Dive Brief:

  • Australia’s Therapeutic Goods Administration unveiled Thursday a three-pronged proposal aimed at boosting the country’s oversight of medical devices, more tightly regulating how medical devices enter the Australian market, strengthening postmarket monitoring and publishing more information on how decisions are made for higher risk devices.
  • The actions, sparked in part by a highly critical series of reports taking aim at global oversight of devices by the International Consortium of Investigative Journalists, will be implemented during 2019 and early 2020, according to TGA.
  • Other proposals include raising the bar for medium and high risk device approvals and beefing up clinical trial requirements.

Dive Insight:

TGA’s action plan identifies initiatives already in the works, lays out additional steps to improve transparency and seeks feedback on new ways to increase public confidence in its oversight of medical devices.

Currently, low-risk devices can be self-certified by a manufacturer to enter the Australian market, while riskier devices must be assessed by a qualified body. Certain medium-risk devices may have to be evaluated by TGA while high-risk devices must be reviewed by TGA or “subjected to a detailed audit” before entering the market.

Under the new action plan, Australia is proposing examining if industry self-certification for low-risk devices is appropriate, as well as creating a specialist unit to evaluate new technologies such as 3D printing and software applications and working to provide clearer cybersecurity guidance to industry.

In addition, the administration is asking stakeholders if mandatory TGA audits should be required for medium-risk devices. It also plans to examine how clinical trials supporting approval of a medical device relate to the actual use of the product in the real world.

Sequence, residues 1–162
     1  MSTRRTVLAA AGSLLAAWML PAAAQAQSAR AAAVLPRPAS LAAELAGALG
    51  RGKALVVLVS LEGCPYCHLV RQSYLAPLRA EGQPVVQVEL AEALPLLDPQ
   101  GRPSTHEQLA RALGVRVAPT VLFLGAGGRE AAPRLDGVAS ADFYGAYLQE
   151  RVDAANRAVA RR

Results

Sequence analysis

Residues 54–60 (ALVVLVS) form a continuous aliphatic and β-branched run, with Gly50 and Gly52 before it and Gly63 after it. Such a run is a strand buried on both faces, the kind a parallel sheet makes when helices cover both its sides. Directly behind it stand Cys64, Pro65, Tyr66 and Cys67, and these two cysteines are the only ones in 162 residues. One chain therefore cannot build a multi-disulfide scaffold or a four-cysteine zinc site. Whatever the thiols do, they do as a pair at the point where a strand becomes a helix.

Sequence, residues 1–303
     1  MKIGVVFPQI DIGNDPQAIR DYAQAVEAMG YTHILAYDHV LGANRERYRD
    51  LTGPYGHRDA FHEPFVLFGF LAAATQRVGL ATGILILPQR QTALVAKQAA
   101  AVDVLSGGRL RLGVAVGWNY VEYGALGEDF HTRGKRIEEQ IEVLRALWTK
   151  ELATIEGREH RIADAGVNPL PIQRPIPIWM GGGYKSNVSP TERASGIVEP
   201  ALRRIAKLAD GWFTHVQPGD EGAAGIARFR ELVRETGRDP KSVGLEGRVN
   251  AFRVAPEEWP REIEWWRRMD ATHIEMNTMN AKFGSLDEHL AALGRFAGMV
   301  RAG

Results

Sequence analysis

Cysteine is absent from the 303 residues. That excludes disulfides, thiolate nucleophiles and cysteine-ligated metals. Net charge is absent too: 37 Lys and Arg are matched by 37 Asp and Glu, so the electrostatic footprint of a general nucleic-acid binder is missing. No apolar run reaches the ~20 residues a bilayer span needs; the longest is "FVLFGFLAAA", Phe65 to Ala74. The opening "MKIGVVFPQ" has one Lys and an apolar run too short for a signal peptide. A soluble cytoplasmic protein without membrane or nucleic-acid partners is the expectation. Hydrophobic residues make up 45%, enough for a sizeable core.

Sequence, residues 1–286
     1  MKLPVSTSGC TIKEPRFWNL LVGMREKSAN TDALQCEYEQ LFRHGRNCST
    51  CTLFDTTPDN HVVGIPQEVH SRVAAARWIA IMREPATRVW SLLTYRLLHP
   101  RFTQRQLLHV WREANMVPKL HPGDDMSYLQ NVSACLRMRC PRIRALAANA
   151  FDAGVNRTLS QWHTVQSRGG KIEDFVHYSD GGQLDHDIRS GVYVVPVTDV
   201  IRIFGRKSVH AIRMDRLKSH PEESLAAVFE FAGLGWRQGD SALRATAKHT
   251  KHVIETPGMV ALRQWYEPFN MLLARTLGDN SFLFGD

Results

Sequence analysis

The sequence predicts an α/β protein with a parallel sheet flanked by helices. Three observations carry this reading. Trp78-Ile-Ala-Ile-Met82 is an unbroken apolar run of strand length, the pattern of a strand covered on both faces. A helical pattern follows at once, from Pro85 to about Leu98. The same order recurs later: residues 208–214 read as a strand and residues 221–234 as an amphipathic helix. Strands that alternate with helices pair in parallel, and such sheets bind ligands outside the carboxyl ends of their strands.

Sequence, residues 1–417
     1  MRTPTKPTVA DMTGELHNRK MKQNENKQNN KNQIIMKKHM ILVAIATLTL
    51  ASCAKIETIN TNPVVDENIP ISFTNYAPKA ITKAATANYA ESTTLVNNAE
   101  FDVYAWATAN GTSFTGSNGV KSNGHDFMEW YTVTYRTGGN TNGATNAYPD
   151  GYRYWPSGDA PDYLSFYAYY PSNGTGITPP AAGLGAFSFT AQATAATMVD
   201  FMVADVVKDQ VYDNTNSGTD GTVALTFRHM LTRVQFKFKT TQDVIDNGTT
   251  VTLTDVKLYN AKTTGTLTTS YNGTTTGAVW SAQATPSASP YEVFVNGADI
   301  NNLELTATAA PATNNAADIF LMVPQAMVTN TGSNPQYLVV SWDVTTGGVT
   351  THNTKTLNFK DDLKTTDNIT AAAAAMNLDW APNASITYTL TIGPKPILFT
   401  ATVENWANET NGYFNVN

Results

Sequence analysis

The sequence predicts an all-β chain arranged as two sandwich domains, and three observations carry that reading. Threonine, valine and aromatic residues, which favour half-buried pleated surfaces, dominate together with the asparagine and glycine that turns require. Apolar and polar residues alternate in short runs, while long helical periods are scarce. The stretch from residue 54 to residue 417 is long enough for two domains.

Further, TGA is considering mandating greater clinical evidence for certain high-risk devices.

“These devices include spinal implants, devices that make diagnoses, diabetes management devices, medical devices used for IVF, and companion diagnostics,” TGA said.

Tracking medical device adverse event reports more quickly is also a priority. TGA said it will be working with healthcare systems to more rapidly share information and may require facilities to report safety problems with medicine and medical devices, remove exemptions that make it easier to delay submitting adverse event reports and seek additional authority on recalling devices.

TGA is weighing an increase in inspections of manufacturers as well as a unique device identifier requirement for medical devices to better track individual devices in patients.

“After consultation with stakeholders, the TGA will assess options to increase its inspection program of medical device manufacturing sites to confirm ongoing quality in manufacturing medical devices,” regulators said. “Increasing the frequency of manufacturer inspections of certain high risk devices and new onsite auditing of their reporting of adverse events will also be explored.”

The introduction of such a plan lags follows FDA’s Medical Device Safety Action Plan, released last April, and Health Canada’s Action Plan on Medical Devices, put out in December.

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